Written by Robyn Sabel 

Founder of Buttercup & Joy


ABOUT THE AUTHOR

Robyn Sabel is the founder of Buttercup & Joy. Robyn has loved ones that have struggled with their mental health and she knows it can be difficult, frustrating and isolating for them and their families. She started Buttercup & Joy to let people know that there is hope that things can get better and that they are not alone on this journey. Buttercup & Joy is a woman-owned, stigma-free business dedicated to supporting the mental health community. Part of their profits are donated to NAMI, the National Alliance on Mental Illness.


Buttercup & Joy is jewelry with a meaning. Each bracelet is accompanied by inspirational message cards relating to mental health to provide the wearer with little reminders of hope, motivation and support. Buttercup & Joy is here to help you face the day! 


SHOP bUTTERCUP & JOY


CONTINUE READING

Her Story - 1 People
Susan Elderkin · August 19, 2022 Her Story: Rea Tjoa Algreen, 1...
Juneteenth: America's Newest Holiday
After years of inaction on the part of the U.S. Senate and...
Blog Post: HER-Commerce Re-Launches!
WMarketplace Relaunches HER-Commerce™  Last fall, we surveyed over 6500 women-owned businesses to...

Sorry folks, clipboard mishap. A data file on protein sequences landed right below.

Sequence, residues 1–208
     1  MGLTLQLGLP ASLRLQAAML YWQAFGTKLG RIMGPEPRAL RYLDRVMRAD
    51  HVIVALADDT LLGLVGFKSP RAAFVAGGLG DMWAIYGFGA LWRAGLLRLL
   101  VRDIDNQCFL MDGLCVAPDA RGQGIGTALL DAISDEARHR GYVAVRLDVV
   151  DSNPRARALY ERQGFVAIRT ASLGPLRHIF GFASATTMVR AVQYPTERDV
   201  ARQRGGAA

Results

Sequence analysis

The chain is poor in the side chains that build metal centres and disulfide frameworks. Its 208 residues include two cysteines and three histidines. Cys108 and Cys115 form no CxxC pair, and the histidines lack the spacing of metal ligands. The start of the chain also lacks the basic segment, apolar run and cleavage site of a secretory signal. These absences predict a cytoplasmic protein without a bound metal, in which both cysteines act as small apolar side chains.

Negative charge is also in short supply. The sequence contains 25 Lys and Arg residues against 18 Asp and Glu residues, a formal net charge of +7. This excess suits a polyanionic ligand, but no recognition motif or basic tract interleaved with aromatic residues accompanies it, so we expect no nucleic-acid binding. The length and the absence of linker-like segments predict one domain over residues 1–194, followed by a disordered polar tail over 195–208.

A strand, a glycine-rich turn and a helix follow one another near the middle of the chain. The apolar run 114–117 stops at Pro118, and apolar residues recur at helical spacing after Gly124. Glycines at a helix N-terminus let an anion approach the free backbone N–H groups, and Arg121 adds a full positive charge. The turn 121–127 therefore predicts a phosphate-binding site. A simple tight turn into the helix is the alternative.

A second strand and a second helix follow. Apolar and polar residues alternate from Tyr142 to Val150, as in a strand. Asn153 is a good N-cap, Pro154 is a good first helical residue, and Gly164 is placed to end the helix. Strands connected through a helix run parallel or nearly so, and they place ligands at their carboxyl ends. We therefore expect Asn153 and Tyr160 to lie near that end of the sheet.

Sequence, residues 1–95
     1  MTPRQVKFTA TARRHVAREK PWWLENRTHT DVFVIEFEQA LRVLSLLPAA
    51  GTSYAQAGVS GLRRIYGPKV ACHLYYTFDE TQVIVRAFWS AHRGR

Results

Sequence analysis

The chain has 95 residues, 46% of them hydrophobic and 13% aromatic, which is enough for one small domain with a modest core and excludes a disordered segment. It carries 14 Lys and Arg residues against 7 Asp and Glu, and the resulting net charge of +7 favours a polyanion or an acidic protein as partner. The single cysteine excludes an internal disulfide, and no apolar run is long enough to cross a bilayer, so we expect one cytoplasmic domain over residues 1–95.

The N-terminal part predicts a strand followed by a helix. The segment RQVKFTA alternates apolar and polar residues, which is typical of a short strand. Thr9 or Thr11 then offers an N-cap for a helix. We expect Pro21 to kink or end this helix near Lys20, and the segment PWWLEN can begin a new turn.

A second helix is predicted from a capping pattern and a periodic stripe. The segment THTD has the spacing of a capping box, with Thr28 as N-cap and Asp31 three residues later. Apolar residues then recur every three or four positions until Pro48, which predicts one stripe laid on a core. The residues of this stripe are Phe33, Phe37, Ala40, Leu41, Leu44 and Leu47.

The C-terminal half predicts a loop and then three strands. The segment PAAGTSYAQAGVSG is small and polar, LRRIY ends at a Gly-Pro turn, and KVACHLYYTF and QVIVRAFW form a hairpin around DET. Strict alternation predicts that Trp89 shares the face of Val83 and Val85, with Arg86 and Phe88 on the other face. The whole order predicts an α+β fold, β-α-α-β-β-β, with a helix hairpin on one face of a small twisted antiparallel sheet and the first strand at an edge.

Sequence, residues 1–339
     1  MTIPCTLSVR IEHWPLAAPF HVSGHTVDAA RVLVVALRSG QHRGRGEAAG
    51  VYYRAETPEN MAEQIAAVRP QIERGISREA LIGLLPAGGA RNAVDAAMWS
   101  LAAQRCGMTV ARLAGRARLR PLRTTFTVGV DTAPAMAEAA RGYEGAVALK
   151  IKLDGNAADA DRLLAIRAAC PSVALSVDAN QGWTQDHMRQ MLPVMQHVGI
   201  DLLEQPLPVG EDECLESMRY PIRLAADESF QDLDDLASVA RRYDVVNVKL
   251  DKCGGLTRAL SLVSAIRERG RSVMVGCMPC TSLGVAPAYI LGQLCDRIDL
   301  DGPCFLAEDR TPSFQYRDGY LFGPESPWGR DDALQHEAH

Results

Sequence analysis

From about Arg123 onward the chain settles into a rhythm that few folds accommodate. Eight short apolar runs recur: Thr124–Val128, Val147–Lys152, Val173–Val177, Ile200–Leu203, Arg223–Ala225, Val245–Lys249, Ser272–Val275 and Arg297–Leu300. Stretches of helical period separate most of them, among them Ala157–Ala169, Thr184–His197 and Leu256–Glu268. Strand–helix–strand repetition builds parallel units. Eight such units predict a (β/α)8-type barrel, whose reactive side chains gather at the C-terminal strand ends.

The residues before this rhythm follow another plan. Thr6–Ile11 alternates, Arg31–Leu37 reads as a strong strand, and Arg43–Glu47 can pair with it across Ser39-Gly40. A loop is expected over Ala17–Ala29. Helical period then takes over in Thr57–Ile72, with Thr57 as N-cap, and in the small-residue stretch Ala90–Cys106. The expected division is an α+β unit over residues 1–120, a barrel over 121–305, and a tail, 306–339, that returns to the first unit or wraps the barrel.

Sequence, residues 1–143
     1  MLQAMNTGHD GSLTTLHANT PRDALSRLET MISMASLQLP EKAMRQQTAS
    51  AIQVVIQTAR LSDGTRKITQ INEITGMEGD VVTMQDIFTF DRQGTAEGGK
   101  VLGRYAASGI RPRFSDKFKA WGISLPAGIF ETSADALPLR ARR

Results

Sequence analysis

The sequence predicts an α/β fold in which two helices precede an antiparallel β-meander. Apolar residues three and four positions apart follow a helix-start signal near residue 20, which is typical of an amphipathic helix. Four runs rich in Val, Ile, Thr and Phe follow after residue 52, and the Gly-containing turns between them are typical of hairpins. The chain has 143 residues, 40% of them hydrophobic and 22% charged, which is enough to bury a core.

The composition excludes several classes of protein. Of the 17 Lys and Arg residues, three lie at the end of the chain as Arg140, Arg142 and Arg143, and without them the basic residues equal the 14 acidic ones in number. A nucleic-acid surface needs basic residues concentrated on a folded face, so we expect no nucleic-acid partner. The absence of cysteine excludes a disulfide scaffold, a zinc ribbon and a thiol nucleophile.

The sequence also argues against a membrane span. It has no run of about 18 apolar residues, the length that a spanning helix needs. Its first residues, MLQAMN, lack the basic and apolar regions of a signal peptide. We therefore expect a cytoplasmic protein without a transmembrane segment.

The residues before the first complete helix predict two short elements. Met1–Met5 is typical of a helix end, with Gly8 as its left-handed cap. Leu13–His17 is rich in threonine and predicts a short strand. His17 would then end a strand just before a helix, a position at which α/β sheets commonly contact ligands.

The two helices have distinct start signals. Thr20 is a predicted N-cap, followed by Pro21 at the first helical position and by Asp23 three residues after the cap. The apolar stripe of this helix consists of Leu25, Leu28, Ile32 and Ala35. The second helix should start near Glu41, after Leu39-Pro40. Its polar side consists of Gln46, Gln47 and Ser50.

Launched in 2020, TheWMarketplace is a nationwide e-commerce marketplace for women-owned businesses to sell their products and professional and personal services. Offering favorable terms to its sellers, it also is a supportive community of women entrepreneurs that have access to learning opportunities through the trademarked HER-Commerce™ programs. With over 500 women-owned businesses selling 4000+ products and services ranging from home goods to coaching, in over 35 states, TheWMarketplace empowers shoppers with a new way to find the communities they want to support, including Black-woman owned, Latina-owned, AAPI-owned, Veteran woman-owned, and more. The Her Story Q&A is one benefit TheWMarketplace provides to sellers.

Guest Writer: Robyn Sabel - May is Mental Health Month: Let’s Talk About It